Costa Rica stands out for democratizing the use of digital technologies and having Internet access figures of more than 74% of the population, much higher than the regional average, and digital transformation efforts, indicators that favor post-COVID recovery actions.
This is highlighted by the most recent OECD report on Latin American Economic Outlook 2020 (LEO), indicating that in the last decade Costa Rica has made significant progress in digital inclusion.
According to the publication, in 2018 Internet users represented more than 74% of the population, a figure that continues to increase. That same year, the number of subscriptions to mobile broadband services was 100.9 per 100 inhabitants and those for fixed broadband were 16.6 per 100 inhabitants, figures well above the averages for Latin America and the Caribbean (LAC) (73.5 and 13.9, respectively).
The report also highlighted the country’s progress in Electronic Government, as well as the adoption of national strategies and international cooperation agreements to promote digital transformation, with the National Plan for the Development of Telecommunications 2015-2021 and the Strategy for Digital Transformation towards the Costa Rica of the Bicentennial, whose implementation, coordination and follow-up are in charge of the MICITT.
It listed the actions taken by the country to ensure the continuity and maintenance of Internet services during the pandemic, which made it possible to use technology as a management and information tool for the population and urged the country to continue making progress on issues related to data, open and inclusive access to technologies.
For Paola Vega Castillo, Minister of the MICITT, the crisis generated by COVID-19 demonstrated the importance of digital technologies as drivers in post-pandemic recovery, allowing better access to public services such as health and education,
as well as an important dynamizer of the economy.
“The results of the Report demonstrates that we must re-access the use and appropriation of digital technologies in Costa Rican, to strengthen the country’s economy and open greater opportunities for social mobility and better quality of life for all people”, said the Minister.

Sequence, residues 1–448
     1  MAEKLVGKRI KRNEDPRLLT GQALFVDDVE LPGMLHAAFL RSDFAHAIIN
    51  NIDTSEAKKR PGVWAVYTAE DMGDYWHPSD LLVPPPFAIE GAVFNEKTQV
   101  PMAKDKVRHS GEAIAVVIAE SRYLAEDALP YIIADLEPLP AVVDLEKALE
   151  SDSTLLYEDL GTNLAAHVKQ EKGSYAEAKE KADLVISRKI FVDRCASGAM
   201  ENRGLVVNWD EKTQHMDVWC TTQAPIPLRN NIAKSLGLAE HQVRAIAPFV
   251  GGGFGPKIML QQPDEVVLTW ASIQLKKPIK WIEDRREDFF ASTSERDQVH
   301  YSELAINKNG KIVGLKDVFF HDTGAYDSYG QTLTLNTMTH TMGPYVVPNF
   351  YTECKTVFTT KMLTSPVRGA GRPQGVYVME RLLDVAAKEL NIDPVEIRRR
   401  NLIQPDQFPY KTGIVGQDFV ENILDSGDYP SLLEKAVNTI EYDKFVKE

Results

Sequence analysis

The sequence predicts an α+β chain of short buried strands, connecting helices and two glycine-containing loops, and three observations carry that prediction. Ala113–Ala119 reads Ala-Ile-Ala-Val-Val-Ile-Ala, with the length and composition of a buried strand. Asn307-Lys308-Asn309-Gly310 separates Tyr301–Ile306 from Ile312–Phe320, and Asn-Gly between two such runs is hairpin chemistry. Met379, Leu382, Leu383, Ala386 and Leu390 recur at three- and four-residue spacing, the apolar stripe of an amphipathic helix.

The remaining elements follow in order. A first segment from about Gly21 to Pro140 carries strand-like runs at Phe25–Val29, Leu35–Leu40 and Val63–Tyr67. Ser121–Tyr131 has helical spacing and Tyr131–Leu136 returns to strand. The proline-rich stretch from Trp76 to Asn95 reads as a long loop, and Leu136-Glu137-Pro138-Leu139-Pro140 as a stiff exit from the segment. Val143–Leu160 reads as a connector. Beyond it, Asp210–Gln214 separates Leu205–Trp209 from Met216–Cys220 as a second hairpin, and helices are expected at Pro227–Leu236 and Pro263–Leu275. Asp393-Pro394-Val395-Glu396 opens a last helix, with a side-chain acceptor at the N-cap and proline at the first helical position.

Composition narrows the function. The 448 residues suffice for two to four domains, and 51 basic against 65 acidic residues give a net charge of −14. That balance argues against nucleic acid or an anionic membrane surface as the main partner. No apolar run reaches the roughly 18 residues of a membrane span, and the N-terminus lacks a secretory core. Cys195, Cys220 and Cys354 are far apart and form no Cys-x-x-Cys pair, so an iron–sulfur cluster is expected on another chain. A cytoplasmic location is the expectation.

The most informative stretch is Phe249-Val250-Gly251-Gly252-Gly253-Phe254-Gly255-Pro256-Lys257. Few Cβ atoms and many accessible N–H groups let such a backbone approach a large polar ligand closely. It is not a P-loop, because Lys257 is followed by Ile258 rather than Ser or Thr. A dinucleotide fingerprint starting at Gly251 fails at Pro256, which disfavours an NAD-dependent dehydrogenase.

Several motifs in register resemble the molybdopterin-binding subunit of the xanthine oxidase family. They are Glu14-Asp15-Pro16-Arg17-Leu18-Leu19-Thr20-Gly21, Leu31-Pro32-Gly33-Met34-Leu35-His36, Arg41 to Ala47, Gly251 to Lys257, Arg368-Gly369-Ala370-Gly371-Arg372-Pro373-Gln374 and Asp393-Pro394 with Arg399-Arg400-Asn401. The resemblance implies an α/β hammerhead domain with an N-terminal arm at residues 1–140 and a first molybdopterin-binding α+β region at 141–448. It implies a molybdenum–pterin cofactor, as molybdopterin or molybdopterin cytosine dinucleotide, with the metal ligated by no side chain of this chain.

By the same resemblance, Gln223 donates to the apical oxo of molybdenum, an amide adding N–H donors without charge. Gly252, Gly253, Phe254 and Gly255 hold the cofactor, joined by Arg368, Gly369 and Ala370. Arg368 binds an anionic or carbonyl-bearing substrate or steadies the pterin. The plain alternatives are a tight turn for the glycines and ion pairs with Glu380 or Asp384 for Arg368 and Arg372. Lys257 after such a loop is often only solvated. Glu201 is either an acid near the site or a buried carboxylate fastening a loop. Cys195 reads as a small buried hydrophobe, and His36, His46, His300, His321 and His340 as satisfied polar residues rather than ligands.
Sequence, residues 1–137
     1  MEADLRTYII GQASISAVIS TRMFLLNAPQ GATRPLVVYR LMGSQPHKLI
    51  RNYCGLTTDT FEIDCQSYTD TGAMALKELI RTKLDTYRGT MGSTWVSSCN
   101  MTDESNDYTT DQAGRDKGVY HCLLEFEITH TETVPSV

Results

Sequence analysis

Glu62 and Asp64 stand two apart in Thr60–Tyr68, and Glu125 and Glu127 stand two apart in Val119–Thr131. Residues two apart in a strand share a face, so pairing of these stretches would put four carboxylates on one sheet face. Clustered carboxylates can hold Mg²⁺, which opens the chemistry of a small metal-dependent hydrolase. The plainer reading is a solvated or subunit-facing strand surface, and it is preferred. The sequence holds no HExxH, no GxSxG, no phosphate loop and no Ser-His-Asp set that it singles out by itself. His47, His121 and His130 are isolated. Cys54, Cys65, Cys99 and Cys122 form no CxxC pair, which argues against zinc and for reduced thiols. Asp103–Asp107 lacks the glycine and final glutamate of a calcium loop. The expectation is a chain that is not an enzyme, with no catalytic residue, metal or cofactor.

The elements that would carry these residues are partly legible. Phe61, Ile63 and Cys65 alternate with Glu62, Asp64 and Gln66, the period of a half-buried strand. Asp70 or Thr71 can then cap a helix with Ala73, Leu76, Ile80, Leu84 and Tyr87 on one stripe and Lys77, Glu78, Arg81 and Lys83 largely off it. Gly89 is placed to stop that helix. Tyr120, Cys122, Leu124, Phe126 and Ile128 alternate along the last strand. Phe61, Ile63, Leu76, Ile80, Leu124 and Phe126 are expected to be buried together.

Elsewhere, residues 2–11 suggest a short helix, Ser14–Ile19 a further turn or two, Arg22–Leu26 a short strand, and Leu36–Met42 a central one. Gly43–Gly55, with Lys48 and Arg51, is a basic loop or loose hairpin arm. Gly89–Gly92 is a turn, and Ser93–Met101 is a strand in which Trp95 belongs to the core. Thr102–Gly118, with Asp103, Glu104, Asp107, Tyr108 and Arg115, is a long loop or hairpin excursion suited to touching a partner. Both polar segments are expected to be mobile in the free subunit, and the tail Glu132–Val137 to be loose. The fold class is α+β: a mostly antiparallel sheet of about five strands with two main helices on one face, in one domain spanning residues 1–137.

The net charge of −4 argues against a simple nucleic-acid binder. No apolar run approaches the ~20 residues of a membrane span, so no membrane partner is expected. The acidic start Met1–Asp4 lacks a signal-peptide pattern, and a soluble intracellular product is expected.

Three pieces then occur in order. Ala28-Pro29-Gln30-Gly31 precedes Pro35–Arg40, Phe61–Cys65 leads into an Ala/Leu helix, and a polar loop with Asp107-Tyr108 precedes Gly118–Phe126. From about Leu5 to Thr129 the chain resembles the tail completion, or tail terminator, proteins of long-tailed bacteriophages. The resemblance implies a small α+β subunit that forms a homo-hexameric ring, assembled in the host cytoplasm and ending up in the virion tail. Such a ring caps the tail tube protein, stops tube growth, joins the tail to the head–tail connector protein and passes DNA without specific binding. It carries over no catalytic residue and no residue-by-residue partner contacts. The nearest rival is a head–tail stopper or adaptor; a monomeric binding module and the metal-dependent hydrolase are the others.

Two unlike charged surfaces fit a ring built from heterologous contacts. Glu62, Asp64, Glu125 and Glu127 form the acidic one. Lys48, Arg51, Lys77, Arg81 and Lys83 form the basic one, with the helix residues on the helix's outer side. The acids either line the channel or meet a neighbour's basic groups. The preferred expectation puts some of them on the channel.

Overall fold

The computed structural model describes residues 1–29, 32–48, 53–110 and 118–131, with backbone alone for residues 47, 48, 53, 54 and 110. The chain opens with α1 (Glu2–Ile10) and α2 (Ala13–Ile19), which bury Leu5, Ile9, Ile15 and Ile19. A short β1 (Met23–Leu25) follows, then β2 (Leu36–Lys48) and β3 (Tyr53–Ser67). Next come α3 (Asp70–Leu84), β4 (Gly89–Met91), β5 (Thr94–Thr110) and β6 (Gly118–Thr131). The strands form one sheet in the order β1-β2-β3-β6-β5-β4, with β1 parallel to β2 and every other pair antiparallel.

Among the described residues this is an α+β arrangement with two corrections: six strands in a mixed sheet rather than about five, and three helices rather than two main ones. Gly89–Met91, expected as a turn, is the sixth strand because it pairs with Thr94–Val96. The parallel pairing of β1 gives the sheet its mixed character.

Vega agrees with the report in stating that digital transformation will not drive development automatically, but it is required to continue creating conditions facilitating the access to ICTs and digital transformation.
Minister Vega agrees with the report that digital transformation will not automatically drive development, but rather that it is necessary to continue with the implementation of public policies that facilitate digital transformation for the well-being of all people.
Recently, the increase in the goals of the Connected Homes Program and the Equipped Public Spaces Program was approved to support the students of the Ministry of Public Education with connectivity and access devices to continue in the non-face-to-face mode of the school year the situation generated by the pandemic. This will allow the attention of 147,146 additional families with connectivity and access device (laptop or tablet) to serve about 215,936 students.
Likewise, days ago the bill for the creation of the National Program for Digital Literacy was presented to the Legislative Assembly, which would be permanently integrated into the National Plan for the Development of Telecommunications and financed with funds from Fonatel, a fundamental initiative to consolidate the teaching-learning process for the generation of skills and abilities in the use of ICT.
The LEO report is a joint annual publication produced by the Development Center of the Organization for Economic Cooperation and Development (OECD), the Economic Commission for double our efforts to massively promote the Latin America and the Caribbean (ECLAC) of the United Nations, the Development Bank of Latin America (CAF) and the European Commission.
Duayner Salas, acting Minister of Foreign Trade and Coordinator of Costa Rica’s entry process to the OECD, highlighted the value of this type of study as a tool to make decisions based on data, showing the results of public policies and define areas improvement.
For Salas, “the OECD allows public administrations to share best practices and their technical knowledge, which generates a culture of continuous improvement and translates into better services for all people.”
In its 2020 edition, the report explores how digital transformation can help address the current socio-economic situation, boost productivity, strengthen institutions, and achieve higher levels of inclusion and well-being; it also highlights the key role that international alliances play in harnessing the benefits of digital transformation.